The Warrior’s Belt – Warren W. Holmes

warriorsbeltJean Baptiste Pointe DuSable, a man more than the sum of his parts, through the course of his life became variously a precocious scholar, planter, sea captain, trapper, explorer, tribal chieftain, and one of the wealthiest men in 18th Century Midwestern United States.

Like all of us, he was shaped by the peculiar circumstances of his surroundings. But in order to survive the perils of his environment he constantly reinvented himself to fit his times. The central fact of DuSable’s existence is that he has largely been lost to history by becoming the victim of myth. It has long been debated whether he was the founder of Chicago. Such debate is often garbled in the babble of semantics. The truth is that in the place he had the vision to predict was strategically situated to be the economic center of North America, there is scarcely a monument to mark his ever passing this way.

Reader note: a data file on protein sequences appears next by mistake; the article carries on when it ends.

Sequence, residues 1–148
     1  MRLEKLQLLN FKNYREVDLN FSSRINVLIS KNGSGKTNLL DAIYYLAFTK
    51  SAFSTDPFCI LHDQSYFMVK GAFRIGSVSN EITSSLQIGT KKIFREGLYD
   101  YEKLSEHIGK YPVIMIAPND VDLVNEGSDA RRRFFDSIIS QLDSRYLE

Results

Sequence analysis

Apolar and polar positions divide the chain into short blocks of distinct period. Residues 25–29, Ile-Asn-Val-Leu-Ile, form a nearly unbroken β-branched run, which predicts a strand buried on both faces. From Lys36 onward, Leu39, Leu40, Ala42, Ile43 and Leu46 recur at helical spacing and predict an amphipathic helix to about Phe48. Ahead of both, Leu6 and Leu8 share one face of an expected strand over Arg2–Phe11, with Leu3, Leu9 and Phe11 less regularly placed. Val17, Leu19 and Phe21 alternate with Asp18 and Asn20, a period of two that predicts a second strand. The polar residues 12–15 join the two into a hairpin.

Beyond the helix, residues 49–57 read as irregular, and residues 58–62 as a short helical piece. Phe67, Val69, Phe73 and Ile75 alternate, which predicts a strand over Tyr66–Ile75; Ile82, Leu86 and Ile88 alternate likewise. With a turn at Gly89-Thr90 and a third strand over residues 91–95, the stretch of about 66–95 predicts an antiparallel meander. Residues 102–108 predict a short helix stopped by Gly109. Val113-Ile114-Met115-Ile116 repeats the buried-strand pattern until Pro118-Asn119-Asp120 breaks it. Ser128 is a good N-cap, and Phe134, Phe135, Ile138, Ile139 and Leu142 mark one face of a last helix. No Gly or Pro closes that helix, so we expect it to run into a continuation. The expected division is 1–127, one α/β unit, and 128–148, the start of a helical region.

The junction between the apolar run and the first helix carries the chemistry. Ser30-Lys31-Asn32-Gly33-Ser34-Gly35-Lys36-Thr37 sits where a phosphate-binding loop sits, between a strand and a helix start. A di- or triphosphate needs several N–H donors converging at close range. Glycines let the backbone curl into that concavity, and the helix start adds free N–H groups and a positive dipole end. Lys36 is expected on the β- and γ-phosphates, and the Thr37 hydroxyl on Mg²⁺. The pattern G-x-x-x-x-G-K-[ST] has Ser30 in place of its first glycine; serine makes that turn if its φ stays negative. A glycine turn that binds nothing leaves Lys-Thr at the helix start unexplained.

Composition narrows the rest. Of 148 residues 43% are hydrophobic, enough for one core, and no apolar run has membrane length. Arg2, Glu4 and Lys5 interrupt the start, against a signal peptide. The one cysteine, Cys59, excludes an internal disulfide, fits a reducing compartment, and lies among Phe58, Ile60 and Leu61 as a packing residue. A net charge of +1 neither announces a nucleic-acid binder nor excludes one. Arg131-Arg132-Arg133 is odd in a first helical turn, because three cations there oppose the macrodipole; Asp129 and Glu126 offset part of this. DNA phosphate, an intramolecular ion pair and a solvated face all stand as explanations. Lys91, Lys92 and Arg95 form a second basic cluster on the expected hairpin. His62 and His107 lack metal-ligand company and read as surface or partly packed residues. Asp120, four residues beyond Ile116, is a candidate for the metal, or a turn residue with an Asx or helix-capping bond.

This, too, is due to the circumstance of his being. Those in the process of stealing the land from its indigenous peoples and alternately, time and again, from each other were not willing to credit a Black man from Haiti with opening the bounty of the Midwest to prosperity that gained great currency after his death.

It does not go unnoticed that subtle innuendoes like portraying his home as a simple cabin instead of the sumptuous mansion it was are among the more obvious attempts to obscure the truth of this visionary pioneer. Diligent study will dispel the myth and reveal the reality of Jean Baptiste Pointe DuSable.

As a philosopher, humanist, poetic seer, and peacemaker, Jean DuSable stands as the prototype of the American Dream.

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